Functional programming entails some assumptions that may at first seem counter-intuitive to developers who are new to the paradigm. For example, XPath and XSLT cannot change the input file as they process it, although they can return an altered version of it as output. XPath and XSLT also cannot change variable values, which means that we cannot increment a counter with a statement like $x = $x + 1 (although there are, of course, alternative ways of maintaining a count). The benefit of these constraints is that they make it possible for functions to be applied to sequences in any order, including in parallel (that is, to process several items in an input sequence at once, instead of looping through them one by one, waiting for each to finish before beginning the next). The order in which operations happen in XSLT is largely transparent to the user because in a declarative language we state the desired result of an operation without having to know all of the details about how our code produces that result, but we nonetheless benefit from more efficient execution when the computer can do things as soon as it has the resources available to do them, and is not constrained by a possibly suboptimal execution that reflects a step-by-step human perspective.

The Computational stylesheets chapter of Kay (pp. 985–1000) provides a clear introduction to functional programming in XSLT that is accessible to those who are not trained professionally in computer science. This would a good time to read it!

One example of where not being constrained by a pre-determined order of execution can be helpful is that when you write XPath like //sp ! string-length() to compute the length of each speech in a play, the processor does not have to loop through the speeches one by one, waiting for the first one to be measured before the second can begin. And although an XPath expression like this one is guaranteed to return the results in a way that is consistent with document order, it is not required to process them in document (or any other specific) order. The processor is able to optimize the order of execution only because XSLT and XPath cannot change state (that is, cannot change the input document, variable values, or other items on which other processing steps depend), so no operation has to wait for another to finish to ensure that the state hasn’t change midstream.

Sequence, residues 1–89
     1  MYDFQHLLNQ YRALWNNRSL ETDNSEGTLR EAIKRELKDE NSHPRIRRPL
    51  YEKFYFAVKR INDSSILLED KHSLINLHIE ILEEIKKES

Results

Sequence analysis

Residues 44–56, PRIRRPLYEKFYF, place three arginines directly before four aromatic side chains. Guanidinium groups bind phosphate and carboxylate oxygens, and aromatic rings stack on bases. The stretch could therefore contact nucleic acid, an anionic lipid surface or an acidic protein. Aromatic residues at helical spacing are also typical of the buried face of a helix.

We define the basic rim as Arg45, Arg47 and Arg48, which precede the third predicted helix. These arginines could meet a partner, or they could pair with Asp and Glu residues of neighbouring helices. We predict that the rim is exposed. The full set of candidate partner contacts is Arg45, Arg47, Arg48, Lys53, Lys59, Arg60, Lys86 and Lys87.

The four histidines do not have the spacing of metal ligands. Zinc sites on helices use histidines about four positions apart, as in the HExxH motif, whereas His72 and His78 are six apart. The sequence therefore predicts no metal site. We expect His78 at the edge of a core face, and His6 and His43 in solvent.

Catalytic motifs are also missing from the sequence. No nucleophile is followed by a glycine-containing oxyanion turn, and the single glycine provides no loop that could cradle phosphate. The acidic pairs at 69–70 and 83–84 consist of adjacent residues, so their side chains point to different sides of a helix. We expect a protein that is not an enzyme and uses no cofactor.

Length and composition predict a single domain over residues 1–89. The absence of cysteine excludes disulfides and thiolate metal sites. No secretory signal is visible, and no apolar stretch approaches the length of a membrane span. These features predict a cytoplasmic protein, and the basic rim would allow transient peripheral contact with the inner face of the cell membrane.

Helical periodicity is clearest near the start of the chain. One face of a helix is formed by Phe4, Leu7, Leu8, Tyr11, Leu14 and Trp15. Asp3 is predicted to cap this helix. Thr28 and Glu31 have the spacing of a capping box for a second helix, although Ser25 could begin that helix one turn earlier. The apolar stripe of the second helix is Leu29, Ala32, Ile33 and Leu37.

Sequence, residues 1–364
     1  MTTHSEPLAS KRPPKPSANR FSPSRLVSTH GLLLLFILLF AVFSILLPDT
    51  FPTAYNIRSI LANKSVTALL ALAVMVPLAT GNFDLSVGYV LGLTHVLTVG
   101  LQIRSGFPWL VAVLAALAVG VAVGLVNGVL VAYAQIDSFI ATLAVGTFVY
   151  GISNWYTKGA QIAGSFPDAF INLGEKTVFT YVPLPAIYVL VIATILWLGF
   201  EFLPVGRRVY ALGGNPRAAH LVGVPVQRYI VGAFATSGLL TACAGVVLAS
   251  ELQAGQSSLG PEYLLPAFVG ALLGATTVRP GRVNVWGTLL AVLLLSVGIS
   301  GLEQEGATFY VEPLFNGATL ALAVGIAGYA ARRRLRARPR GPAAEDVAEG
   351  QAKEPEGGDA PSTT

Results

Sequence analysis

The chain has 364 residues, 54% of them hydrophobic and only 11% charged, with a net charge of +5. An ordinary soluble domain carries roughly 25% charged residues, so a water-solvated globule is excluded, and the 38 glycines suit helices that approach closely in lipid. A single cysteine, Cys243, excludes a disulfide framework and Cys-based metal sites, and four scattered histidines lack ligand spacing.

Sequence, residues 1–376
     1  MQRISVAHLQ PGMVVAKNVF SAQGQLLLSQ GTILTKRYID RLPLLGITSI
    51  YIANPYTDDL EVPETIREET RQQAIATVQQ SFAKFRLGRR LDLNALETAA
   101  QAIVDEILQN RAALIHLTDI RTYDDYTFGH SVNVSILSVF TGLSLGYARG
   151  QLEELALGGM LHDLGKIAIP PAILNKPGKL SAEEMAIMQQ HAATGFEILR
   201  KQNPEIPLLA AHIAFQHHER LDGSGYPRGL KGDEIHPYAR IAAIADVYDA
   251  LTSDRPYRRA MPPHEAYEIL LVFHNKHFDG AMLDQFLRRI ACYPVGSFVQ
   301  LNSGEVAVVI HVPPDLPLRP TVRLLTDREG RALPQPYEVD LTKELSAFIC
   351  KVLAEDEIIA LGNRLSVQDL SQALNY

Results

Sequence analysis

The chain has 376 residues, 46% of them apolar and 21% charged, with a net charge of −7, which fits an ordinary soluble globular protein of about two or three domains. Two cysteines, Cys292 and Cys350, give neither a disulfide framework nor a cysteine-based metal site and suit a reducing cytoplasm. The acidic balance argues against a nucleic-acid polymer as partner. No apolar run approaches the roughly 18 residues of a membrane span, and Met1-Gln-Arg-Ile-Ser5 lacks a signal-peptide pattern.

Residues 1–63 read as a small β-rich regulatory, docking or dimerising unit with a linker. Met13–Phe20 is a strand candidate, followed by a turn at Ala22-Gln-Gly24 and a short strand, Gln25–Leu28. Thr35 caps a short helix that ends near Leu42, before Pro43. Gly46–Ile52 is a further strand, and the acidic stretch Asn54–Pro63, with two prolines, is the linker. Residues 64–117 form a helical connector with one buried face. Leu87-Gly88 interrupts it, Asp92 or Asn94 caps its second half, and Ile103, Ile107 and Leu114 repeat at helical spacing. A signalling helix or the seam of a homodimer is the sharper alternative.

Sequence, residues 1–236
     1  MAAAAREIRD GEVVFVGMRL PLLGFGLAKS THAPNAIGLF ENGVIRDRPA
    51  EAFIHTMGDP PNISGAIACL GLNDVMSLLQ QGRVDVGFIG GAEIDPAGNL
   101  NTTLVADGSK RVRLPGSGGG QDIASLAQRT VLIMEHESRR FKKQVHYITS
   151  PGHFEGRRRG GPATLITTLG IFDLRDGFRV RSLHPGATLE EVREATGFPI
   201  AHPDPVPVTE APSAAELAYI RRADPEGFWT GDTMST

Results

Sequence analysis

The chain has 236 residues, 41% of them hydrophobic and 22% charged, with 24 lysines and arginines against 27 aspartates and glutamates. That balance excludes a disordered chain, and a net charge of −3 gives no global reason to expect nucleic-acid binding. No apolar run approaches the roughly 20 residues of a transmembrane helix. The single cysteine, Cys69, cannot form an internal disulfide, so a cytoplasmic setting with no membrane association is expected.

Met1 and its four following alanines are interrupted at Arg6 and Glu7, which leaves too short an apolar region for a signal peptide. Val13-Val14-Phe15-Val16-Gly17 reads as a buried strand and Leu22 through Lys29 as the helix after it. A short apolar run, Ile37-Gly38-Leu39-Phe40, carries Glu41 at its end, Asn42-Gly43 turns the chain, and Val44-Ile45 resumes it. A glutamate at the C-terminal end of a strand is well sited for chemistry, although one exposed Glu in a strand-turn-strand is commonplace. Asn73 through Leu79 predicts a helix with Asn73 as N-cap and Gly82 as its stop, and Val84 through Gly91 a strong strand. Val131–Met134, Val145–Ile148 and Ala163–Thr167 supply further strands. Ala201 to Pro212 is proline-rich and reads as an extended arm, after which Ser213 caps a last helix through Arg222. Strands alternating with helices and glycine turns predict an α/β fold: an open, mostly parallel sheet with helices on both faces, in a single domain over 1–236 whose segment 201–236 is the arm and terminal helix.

The XPath for statement may look like a sequential operation, but for $speech in //sp return string-length($speech) can process the speeches in any order, and even in parallel, exactly like //sp ! string-length(). It has to return results so that the order of the output items corresponds to the order of the input items, but it doesn’t have to process them in that order. The same is true of <xsl:for-each> and the same is true when we apply templates to a sequence of nodes. In technical terms these are mapping operations, rather than loops, where mapping means that each item in the input sequence is mapped to a corresponding item in the output sequence. As Kay explains:

Although there is a defined order of processing, each item in the sequence is processed independently of the others; there is no way that the processing of one item can influence the way other items are processed. This also means that you can’t break out of the loop. Think of the items as being processed in parallel. (323)

The crucial difference between mapping and looping that makes mapping potentially more efficient computationally is that mapping doesn’t have to happen one item at a time in input order.

There are, of course, operations that have to happen in a particular order. For example, if we compute a value with count() or sum() or some other function that outputs a numerical result and then format it with format-number(), the result of the formatting operation cannot be created until the result of the operation that does the counting or addition is available for use as its input. But even in cases like this, if we are counting and formatting many things (for example, the number of speeches in all of the scenes of a play), we don’t have to do all of the counting for all of the speeches first and then format all of the counts, and we don’t have to count and format each individual scene, from data to final output, before we begin the next. The functional model means that the order in which we apply the steps in the processing pipeline (data → counting → formatting → output) to the scenes can be optimized by the processor to take advantage of whatever input is available at any point in the operation.

A functional language also ensures that a function will always produce the same output when it is given the same input in the same context. This is how the XPath generate-id() function can output the same value for the same node when invoked in different locations in the stylesheet, a strategy you may have applied to completing our Shakespeare sonnets task. It is also why, perhaps surprisingly, we cannot measure the amount of time an operation takes by calling current-time() before and after the execution; the value returned by current-time(), like the value returned by any XPath function, is guaranteed to be the same each time it is called with the same input (which in this case means each time it is called, since this particular function does not accept input arguments). The next time you run the entire transformation the value will be different, but within a single transformation the same function with the same input is not permitted to yield different results.